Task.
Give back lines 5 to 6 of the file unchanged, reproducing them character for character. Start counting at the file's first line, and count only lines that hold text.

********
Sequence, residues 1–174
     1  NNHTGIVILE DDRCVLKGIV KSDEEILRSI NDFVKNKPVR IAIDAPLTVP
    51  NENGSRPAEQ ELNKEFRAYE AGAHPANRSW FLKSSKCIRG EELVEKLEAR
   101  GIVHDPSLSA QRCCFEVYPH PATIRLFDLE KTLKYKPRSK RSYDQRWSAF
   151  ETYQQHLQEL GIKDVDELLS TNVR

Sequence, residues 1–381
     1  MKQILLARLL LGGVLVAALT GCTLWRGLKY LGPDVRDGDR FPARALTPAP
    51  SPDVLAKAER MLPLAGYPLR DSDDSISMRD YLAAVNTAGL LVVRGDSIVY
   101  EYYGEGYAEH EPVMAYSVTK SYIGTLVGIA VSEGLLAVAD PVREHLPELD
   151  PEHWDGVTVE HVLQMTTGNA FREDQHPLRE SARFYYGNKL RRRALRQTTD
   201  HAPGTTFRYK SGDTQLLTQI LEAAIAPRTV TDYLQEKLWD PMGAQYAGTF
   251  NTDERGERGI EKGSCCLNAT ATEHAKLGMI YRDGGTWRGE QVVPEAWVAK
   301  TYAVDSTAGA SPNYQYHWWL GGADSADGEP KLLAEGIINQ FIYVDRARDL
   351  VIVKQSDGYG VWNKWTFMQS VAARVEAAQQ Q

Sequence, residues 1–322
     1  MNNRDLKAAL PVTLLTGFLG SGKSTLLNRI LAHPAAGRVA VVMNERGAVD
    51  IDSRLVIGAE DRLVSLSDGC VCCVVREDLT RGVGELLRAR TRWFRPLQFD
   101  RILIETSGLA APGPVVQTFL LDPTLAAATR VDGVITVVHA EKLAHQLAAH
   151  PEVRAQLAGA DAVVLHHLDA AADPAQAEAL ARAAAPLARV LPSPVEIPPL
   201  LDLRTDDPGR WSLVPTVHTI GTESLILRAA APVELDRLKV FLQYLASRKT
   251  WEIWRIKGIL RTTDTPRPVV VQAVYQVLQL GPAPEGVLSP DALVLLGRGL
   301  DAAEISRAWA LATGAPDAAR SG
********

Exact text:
   151  ETYQQHLQEL GIKDVDELLS TNVR

Sequence, residues 1–381